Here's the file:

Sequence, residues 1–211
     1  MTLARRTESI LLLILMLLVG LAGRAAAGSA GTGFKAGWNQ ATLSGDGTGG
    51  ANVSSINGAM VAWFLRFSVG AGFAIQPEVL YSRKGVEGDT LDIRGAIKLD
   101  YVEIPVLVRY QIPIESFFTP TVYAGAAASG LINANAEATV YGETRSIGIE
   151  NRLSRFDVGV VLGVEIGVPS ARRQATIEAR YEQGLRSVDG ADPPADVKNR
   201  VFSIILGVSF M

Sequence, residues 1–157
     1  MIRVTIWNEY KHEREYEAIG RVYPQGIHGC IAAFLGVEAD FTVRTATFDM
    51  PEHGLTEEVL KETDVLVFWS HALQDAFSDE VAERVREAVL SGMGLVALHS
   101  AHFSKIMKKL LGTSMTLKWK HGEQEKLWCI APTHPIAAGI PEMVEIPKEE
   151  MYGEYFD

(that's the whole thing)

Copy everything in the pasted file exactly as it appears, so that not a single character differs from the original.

Sequence, residues 1–211
     1  MTLARRTESI LLLILMLLVG LAGRAAAGSA GTGFKAGWNQ ATLSGDGTGG
    51  ANVSSINGAM VAWFLRFSVG AGFAIQPEVL YSRKGVEGDT LDIRGAIKLD
   101  YVEIPVLVRY QIPIESFFTP TVYAGAAASG LINANAEATV YGETRSIGIE
   151  NRLSRFDVGV VLGVEIGVPS ARRQATIEAR YEQGLRSVDG ADPPADVKNR
   201  VFSIILGVSF M

Sequence, residues 1–157
     1  MIRVTIWNEY KHEREYEAIG RVYPQGIHGC IAAFLGVEAD FTVRTATFDM
    51  PEHGLTEEVL KETDVLVFWS HALQDAFSDE VAERVREAVL SGMGLVALHS
   101  AHFSKIMKKL LGTSMTLKWK HGEQEKLWCI APTHPIAAGI PEMVEIPKEE
   151  MYGEYFD